Stella Nyanzi's Poetry of Protest in Uganda : Rough Translation After a Ugandan scholar is suspended from her university job, she discovers a new tool for resistance: extreme public rudeness. Will it work against a strongman president?
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Radical Rudeness

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Radical Rudeness

Radical Rudeness

Radical Rudeness

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Stella Nyanzi, an academic, activist and poet, interacts with supporters inside court on February 20, 2020 in Kampala, Uganda. Luke Dray/Getty Images hide caption

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Luke Dray/Getty Images

Stella Nyanzi, an academic, activist and poet, interacts with supporters inside court on February 20, 2020 in Kampala, Uganda.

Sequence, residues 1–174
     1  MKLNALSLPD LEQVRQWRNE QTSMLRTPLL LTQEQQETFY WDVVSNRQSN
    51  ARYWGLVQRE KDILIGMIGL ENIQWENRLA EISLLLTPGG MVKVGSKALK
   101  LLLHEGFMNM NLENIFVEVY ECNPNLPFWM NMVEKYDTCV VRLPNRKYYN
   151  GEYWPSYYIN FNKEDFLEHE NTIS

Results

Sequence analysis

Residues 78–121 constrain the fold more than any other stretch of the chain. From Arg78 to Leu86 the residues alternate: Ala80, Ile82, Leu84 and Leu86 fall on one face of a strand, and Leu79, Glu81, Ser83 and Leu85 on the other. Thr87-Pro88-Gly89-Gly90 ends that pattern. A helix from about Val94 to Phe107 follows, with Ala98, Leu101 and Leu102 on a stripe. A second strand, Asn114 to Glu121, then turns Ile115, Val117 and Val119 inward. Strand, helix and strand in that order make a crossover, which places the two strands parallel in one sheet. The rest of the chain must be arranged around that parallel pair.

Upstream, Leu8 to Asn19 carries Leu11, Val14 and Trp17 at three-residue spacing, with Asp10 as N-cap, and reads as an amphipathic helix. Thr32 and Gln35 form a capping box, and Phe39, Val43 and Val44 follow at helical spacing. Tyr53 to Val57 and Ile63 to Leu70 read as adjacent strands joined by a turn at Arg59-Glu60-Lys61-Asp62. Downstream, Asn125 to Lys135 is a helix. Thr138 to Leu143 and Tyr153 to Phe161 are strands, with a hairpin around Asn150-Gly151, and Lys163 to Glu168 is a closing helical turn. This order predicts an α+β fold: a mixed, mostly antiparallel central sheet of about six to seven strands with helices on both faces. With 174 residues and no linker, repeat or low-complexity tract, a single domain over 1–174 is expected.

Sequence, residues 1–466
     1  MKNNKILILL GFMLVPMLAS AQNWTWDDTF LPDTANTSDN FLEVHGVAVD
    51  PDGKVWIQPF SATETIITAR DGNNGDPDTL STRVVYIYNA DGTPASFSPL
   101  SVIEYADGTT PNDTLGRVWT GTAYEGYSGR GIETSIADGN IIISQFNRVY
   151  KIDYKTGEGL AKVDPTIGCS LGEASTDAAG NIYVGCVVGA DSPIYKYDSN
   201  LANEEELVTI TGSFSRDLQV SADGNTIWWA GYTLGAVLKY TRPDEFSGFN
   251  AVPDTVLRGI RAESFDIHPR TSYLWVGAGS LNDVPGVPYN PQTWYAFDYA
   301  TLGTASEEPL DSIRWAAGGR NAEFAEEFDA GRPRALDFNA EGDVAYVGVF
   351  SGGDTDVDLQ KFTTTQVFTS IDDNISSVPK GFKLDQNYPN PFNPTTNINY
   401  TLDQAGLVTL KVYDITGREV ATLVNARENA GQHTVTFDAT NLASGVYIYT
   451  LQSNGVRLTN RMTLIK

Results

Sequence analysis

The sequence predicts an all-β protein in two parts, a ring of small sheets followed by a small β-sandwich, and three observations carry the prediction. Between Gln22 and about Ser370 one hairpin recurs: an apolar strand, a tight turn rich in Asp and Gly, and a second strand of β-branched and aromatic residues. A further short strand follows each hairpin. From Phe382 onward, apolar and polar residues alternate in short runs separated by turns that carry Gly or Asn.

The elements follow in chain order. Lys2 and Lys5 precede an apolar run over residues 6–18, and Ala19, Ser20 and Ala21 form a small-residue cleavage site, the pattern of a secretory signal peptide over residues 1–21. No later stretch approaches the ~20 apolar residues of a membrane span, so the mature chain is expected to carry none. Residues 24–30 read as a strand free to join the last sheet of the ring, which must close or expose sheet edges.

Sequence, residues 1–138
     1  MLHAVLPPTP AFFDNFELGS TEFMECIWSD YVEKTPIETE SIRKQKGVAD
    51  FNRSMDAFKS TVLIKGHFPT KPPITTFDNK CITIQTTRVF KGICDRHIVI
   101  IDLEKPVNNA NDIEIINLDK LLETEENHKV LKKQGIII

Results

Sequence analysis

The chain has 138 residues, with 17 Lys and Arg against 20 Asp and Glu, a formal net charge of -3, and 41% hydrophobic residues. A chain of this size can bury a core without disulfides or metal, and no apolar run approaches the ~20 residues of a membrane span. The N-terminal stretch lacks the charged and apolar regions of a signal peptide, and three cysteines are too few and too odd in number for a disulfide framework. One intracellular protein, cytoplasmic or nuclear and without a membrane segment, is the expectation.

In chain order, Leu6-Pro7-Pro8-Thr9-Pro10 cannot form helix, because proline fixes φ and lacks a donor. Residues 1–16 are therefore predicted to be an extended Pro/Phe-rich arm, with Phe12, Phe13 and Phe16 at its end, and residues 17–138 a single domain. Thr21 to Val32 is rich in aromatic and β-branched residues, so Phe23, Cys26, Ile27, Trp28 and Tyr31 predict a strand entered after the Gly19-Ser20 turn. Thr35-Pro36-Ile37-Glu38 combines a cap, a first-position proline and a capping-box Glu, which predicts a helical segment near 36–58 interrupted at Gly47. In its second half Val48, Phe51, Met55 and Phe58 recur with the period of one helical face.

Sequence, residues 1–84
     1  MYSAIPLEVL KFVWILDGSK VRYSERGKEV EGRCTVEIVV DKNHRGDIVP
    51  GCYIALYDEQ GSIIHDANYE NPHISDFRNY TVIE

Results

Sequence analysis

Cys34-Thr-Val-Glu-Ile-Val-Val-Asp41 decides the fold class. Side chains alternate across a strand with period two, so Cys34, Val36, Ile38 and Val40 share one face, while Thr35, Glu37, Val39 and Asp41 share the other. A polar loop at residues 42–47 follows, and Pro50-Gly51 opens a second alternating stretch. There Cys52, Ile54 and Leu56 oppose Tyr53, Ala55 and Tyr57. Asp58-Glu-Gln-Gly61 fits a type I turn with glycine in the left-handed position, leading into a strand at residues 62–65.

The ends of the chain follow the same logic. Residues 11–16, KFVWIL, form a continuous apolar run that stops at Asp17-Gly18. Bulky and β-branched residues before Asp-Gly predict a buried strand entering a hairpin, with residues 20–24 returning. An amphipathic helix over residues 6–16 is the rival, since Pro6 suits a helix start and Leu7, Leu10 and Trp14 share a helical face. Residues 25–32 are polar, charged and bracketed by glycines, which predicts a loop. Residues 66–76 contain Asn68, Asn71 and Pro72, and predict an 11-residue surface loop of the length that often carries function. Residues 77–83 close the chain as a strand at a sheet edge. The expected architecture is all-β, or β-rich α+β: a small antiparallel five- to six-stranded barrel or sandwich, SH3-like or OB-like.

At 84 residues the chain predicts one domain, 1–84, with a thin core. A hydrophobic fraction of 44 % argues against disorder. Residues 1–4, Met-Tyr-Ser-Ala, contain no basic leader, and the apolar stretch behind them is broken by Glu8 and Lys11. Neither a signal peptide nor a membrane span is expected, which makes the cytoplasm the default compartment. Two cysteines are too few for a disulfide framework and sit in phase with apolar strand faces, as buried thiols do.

Luke Dray/Getty Images

This episode includes vulgar and explicit language that is sexual in nature.

In Uganda, NPR correspondent Eyder Peralta introduces us to Stella Nyanzi, a feminist activist, poet and academic. Fed up with what she calls government enabled endemic corruption and conventional approaches to expressing dissent, she discovers the way to get attention and build an audience around her fight against dirty politics is to get dirty herself.

She lobs personal attacks at the president, Yoweri Museveni, with elaborate curses, mockingly erotic poetry on Facebook, public nakedness, and other displays of "radical rudeness" in an effort to get under his skin.

Surprisingly, in the conservative, largely Christian nation of Uganda, this approach has gained supporters. Stella has received international recognition. But standing up to a strongman comes at a high cost to her and her family. Can Stella—and those she loves—accept the price? How low do you have to go to change things at the top?

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